I received my BFA from the Cooper Union for the Advancement of Science and Art in 1976, a painting and printmaking major. After graduation, I worked at Bob Blackburn’s Printmaking Workshop in New York City, until I bought a press and set up my own studio on Union Square in 1982. I moved to New England in 1991. My studio is now in a renovated factory building in Easthampton, Massachusetts.
My color etchings are triggered by things I observe: a color or texture, a slant of light–especially those that evoke memories. I am fascinated by the quality of light at night, and by the shapes emerging as my eyes adjust to the darkness. My layered technique, with its possibilities for rich color and dense blacks, lends itself easily to night scenes.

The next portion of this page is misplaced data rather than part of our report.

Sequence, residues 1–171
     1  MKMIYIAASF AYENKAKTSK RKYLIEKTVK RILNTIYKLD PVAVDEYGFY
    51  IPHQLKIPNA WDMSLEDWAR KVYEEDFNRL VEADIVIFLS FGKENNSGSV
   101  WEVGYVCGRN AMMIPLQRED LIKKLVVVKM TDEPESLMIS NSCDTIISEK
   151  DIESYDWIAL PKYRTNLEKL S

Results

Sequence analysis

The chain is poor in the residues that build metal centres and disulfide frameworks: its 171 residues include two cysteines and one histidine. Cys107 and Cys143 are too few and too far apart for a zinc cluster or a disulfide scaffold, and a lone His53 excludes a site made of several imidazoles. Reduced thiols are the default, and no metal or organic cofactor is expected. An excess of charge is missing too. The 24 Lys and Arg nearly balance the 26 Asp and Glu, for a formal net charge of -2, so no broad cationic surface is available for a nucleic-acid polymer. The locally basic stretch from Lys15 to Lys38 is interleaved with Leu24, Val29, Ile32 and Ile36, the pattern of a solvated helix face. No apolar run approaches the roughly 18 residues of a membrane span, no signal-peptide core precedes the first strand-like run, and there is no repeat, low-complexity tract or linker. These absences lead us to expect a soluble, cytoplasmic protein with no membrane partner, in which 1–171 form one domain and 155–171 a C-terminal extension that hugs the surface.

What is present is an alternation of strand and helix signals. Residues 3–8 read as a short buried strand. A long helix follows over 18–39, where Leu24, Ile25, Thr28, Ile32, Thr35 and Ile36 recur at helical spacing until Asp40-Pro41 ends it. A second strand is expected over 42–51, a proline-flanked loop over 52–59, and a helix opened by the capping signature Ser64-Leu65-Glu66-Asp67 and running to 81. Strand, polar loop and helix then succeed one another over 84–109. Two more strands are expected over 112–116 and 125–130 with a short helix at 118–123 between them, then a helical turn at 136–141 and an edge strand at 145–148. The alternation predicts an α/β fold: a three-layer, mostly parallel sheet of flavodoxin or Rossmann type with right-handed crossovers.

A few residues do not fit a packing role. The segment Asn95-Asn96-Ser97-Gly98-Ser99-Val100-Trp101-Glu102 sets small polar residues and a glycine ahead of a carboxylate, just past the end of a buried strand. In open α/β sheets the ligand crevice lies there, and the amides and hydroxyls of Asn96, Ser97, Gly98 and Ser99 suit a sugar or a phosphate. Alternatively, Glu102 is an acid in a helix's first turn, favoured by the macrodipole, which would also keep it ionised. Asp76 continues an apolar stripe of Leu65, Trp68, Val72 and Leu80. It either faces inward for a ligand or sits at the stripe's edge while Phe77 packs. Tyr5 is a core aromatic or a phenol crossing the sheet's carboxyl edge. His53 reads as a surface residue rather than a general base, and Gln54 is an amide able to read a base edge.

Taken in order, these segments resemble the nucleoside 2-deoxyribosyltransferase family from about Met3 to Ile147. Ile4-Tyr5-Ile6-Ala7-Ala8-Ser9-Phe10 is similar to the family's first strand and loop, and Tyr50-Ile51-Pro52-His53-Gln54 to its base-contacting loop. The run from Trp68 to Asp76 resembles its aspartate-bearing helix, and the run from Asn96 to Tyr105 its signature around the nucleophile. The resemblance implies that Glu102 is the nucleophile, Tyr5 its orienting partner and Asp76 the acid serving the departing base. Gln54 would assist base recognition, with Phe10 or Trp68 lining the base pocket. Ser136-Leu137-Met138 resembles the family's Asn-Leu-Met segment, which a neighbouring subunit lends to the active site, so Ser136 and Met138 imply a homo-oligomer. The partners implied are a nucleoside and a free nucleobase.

The four color plates are printed sequentially, “wet on wet,” producing secondary colors as well as browns and grays. The ink is pressed under great pressure into the fibers of the dampened paper, resulting in rich, dense colors with a look that is unique to this medium. I work on the color as I see the proofs, re-etching and scraping and burnishing until I’ve achieved the colors I desire. Each plate has a full range of values, from light to dark, and when overlapped the diversity of color is virtually limitless.
Through the years, my images have evolved from still lifes and interiors, to city scenes, and, after my move to western Mass., to landscapes, and factory buildings like the one that houses my studio. I am interested in history, change, light and mystery. The crumbling factories represent a bygone era, a reminder of both its majesty and despair. I am now interested in incorporating figures into some of my work–and evoking the world outside their windows.
My etchings are in the permanent collections of the Brooklyn Museum, The Corcoran Gallery of Art, The Boston Athenaeum, The National Museum of Women in the Arts, and The Museum of the City of New York, among others.